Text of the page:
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Board can't un-do pupil-free days

Parents lament that they didn¿t learn of change immediately.

July 13, 2011|By Andrew Shortall, andrew.shortall@latimes.com
  • Parents listen to the school board answer questions at the La Canada Unified School District board meeting on Tuesday, July 12, 2011. (Tim Berger/Staff Photographer)
Parents listen to the school board answer questions at…

Some 10 district parents carried protest signs designed to make their feelings known, about 50 total parents attended the La Cañada school board meeting Tuesday in an unsuccessful bid to convince the board to rescind its decision to increase the number of pupil-free days from three to seven.

The decision to add four more pupil-free days for teacher collaboration was made in February as part of a new contract agreement with the La Cañada Teachers Association. A discussion on the matter was added to the agenda of Tuesday’s meeting at the request of several parents.

But Governing Board President Susan Boyd made it clear from the beginning that the decision couldn’t be overturned.

“This has become a part of the teacher contract. We cannot unilaterally change that contract. That would have significant legal ramifications,” said Boyd, explaining the discussion being held Tuesday was designed to clear up any misunderstandings or questions the community may have about the issue.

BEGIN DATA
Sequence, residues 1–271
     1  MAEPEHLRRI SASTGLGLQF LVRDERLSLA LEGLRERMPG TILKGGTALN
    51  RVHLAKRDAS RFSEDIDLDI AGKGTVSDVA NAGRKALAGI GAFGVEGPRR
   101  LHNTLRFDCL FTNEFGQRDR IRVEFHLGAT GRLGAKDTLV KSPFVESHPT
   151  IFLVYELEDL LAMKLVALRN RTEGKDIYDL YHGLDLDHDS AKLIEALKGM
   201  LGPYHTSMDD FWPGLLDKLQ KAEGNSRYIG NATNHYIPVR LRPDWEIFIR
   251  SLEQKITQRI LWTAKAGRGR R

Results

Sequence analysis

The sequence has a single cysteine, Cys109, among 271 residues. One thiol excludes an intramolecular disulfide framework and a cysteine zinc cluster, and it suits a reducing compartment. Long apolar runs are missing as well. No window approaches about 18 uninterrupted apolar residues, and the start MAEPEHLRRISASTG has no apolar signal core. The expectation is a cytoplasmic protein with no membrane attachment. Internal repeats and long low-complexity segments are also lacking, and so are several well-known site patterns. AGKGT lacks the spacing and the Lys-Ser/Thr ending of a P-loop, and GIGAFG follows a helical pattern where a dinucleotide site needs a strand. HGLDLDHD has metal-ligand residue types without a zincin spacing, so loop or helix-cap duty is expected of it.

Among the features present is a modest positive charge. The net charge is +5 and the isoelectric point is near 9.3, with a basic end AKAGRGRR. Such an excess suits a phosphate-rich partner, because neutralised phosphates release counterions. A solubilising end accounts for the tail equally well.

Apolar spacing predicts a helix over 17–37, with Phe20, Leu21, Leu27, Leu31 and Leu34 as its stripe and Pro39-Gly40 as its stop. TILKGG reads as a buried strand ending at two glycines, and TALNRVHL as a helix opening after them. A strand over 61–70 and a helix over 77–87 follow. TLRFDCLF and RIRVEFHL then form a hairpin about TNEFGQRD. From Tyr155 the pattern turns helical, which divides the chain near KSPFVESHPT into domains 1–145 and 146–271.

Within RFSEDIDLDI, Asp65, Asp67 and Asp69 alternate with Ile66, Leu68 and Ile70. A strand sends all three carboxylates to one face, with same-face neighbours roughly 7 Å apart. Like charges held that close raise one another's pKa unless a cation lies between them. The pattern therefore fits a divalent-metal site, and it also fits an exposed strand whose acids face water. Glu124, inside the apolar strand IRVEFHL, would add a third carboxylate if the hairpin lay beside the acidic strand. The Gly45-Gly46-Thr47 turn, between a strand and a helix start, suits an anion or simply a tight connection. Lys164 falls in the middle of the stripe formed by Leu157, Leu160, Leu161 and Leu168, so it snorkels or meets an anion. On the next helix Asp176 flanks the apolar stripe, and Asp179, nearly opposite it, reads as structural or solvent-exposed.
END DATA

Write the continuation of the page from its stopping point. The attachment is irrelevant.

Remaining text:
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It didn’t stop the conversation between the board and members of the community, which lasted more than two hours, from getting heated at times. First, Boyd addressed the group of 50 or so people, comprising parents and district teachers, and answered a dozen questions that parents — mainly Ron Dietel, a former LCUSD board member — had asked the board at its June 21 meeting.

“Time is really important to parents and everybody because there's never enough of it,” said Dietel, an assistant director at the UCLA Center for Research on Evaluation, Standards and Student Testing.

Boyd stressed the teacher-collaboration days aren’t training days. The time will be used for teachers to work together, discuss one another’s successes, and learn how to take advantage of their peers’ experiences.

“The teachers are being asked, every year almost, to do more and more work in the same amount of time,” said Boyd, noting that the district had lengthened the amount of instructional time students receive by adding a few minutes to each day of school.

Two of the additional teacher-collaboration days will be used to train teachers on how to use a student-data management system called Illuminate DnA (data and assessment).

“The data will tell teachers where they will need to go back to refine their lessons or what students they need to go back and help,” Boyd said.

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